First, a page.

Omniscience and realism

Marginal notes about a workshop in Hawai'i

A non-intelligible entity cannot be conceived to exist. But, if the world needs to be known in order to exist, we need to postulate a non-partial perspective out of which it can be known. Since the perspectives of all human beings (as well as those of other animals, I would add) are necessarily partial and cannot be reconciled (how could one reconcile our perspective of the world with that of a bat?), this perspective needs to be God.

In case you are in Cracow next week

You might want to come and raise some interesting objection at one of the two lectures below:

Body and self in Śrīvaiṣṇavism. A “hands-on” discussion of Veṅkaṭanātha’s Seśvaramīmāṃsā (ad 1.1.5) (Wed, 11 am)
—Knowing the unknowable: Vedānta Deśika on supersensory perception (at the Pedagogical University of Cracow, Wednesday, 4 pm).

Shilpa Sumant on critical editions and role models

Shilpa Sumant has been so nice to come to Vienna for two lectures and for some additional hours of chatting. For the ones among you who have not yet encountered her work, Shilpa has published important studies and critical editions in the field of the Paippalāda school of the Atharvaveda, but her command of Sanskrit and her activity at the Pune “Encyclopedic Dictionary of Sanskrit on Historical Principles” makes her approach broad and particularly rich in cross-references and unheard-of materials.

What happened at the beginnings of Viśiṣṭādvaita Vedānta?—Part 2

Several distinct component are constitutive of what we now know to be Viśiṣṭādvaita Vedānta and are not present at the time of Rāmānuja:

  1. 1. The inclusion of the Āḻvār’s theology in Viśiṣṭādvaita Vedānta
  2. 2. The Pāñcarātra orientation of both subschools of Viśiṣṭādvaita Vedānta
  3. 3. The two sub-schools
  4. 4. The Vedāntisation of Viśiṣṭādvaita Vedānta
  5. 5. The impact of other schools

What happened at the beginnings of Viśiṣṭādvaita Vedānta?—Part 1

The starting point of the present investigation is the fact that between Rāmānuja and Veṅkaṭanātha a significant change appears to have occurred in the scenario of what was later known as Viśiṣṭādvaita Vedānta (the term is only found after Sudarśana Sūri). The Viśiṣṭādvaita Vedānta as we know it was more or less there by the time of Veṅkaṭanātha, whereas in order to detect it in the oeuvre of Rāmānuja one needs to retrospectively interpret it in the light of its successive developments. This holds true even more, although in a different way, for Rāmānuja’s predecessors, such as Yāmuna, Nāthamuni and the semi-mythical Dramiḍācārya etc.

16th World Sanskrit Conference: A panel on the development of Viśiṣṭādvaita Vedānta

Last week took place one of the main (or the main?) conferences for Sanskrit scholars, namely the 16th edition of the World Sanskrit Conference, of which you can read a short summary by McComas Taylor on Indology (look for it here). Marcus Schmücker and I organised a panel called One God—One Śāstra, Philosophical developments towards and within Viśiṣṭādvaita Vedānta between Nāthamuni and Veṅkaṭanātha. You can read the initial call for papers here.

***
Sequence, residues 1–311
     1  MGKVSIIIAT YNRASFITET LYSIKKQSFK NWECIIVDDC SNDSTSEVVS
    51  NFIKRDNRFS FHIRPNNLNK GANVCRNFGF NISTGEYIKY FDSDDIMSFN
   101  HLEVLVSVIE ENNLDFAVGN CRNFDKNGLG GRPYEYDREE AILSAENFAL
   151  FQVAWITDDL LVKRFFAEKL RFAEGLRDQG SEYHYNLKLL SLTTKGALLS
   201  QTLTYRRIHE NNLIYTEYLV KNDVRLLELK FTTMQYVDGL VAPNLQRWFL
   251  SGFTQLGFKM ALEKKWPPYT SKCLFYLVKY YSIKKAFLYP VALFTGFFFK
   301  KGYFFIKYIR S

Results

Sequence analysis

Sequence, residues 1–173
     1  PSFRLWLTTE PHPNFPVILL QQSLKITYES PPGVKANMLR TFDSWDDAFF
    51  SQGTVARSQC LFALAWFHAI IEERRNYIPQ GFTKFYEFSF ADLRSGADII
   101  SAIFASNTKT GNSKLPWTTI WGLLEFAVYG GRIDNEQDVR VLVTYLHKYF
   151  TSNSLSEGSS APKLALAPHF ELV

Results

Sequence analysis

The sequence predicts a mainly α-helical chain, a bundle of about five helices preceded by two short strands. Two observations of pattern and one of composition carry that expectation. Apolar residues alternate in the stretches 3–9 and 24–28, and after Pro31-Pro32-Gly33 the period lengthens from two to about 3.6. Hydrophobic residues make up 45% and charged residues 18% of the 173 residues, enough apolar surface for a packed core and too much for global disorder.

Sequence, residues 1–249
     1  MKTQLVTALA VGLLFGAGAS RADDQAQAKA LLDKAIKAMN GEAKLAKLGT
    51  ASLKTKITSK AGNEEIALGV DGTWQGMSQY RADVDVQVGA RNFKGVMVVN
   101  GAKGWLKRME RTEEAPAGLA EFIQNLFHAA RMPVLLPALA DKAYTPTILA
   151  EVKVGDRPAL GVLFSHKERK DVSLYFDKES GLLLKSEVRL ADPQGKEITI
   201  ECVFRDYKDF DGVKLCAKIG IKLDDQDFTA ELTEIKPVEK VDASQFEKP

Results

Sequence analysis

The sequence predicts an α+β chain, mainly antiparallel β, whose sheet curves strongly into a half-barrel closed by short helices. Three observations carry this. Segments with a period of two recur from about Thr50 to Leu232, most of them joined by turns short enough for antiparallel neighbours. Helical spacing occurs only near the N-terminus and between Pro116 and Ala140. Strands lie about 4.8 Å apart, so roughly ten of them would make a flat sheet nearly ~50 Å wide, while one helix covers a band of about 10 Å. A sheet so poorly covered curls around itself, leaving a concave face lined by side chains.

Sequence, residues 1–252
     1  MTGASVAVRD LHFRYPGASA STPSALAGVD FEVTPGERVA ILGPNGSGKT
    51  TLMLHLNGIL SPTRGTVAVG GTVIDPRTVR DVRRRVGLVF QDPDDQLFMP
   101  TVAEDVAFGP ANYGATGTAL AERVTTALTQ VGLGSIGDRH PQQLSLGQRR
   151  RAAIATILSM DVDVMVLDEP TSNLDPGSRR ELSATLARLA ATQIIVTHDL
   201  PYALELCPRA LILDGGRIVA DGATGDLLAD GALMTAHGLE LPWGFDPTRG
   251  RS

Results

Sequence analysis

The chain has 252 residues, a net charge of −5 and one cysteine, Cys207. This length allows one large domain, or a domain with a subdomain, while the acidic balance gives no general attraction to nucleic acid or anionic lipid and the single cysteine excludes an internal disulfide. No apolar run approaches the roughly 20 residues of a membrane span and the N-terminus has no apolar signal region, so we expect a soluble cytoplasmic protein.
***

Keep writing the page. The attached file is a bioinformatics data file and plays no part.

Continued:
Linguistic Communication as an Instrument of Knowledge: A panel

I came back last week from Athens, were I had organised together with Malcolm Keating a panel on Linguistic Communication as an instrument of knowledge. I ended up framing the problem according to four basic questions, namely 1) What do we know? , 2) How (through which instrument of knowledge) do we know it?, 3) What is the role of language as a medium?, 4) What is the role of the social context?

Puṣpikā 3

I just received my copy of Puṣpikā 3. Tracing Ancient India Through Texts and Traditions. Contributions to Current Research in Indology, edited by Robert Leach and Jessie Pons. The volume is the third in a series of volumes publishing the proceedings of the various IIGRS conferences and it is innovative in so far as it drops the alphabetic order adopted in the first two volumes. Here, the sequence of articles is rather organised thematically, with two papers on philosophical topics:

  1. Marie-Hélẻne Gorisse (Is Inference a cognitive or a linguistic process? A line of divergence between Jain and Buddhist classifications)
  2. Elisa Freschi (Between Theism and Atheism: A journey through Viśiṣṭādvaita Vedānta and Mīmāṃsā)

Next come five articles ordered according to the chronology of their topics, from the Veda to contemporary Bengali Bauls:

  1. Moreno Dore (The pre-eminence of men in the vrātya-ideology)
  2. Paul F. Schwerda (“Tear down my Sādhana- and Havirdhāna-huts, stow away my Soma-vessels!” —Jaiminīya Brāhmaṇa 2,269ff: A typical case of cursing in the Veda?)
  3. Aleix Ruiz-Falqués (A New Reading Of the Meghadūta)
  4. Jerôme Petit (Banārasīdās climbing the Jain Stages of Perfection)
  5. Carola Erika Lorea (If people get to know me, I’ll become cow-dung: Bhaba Pagla and the songs of the Bauls of Bengal)

The last paper follows the chronological sequence, since it discusses the application of modern teaching methods to Sanskrit:

  1. Sven Wortmann and Ann-Kathrin Wolf (Revisiting Sanskrit Teaching in the Light of Modern Language Pedagogy)

I had discussed the presentations on which the last paper was based in my previous blog, here. Aleix Ruiz-Falqués’ paper at the IIGRS had been discussed here.

I have not read the printed version of my article yet, but I already have one regret: I did not explicitly thank Robert (Leach) for his careful editing and for the many efforts invested in making my article understandable (my only excuse for that is that the editors of the first Puṣpikā had asked us to avoid such notes).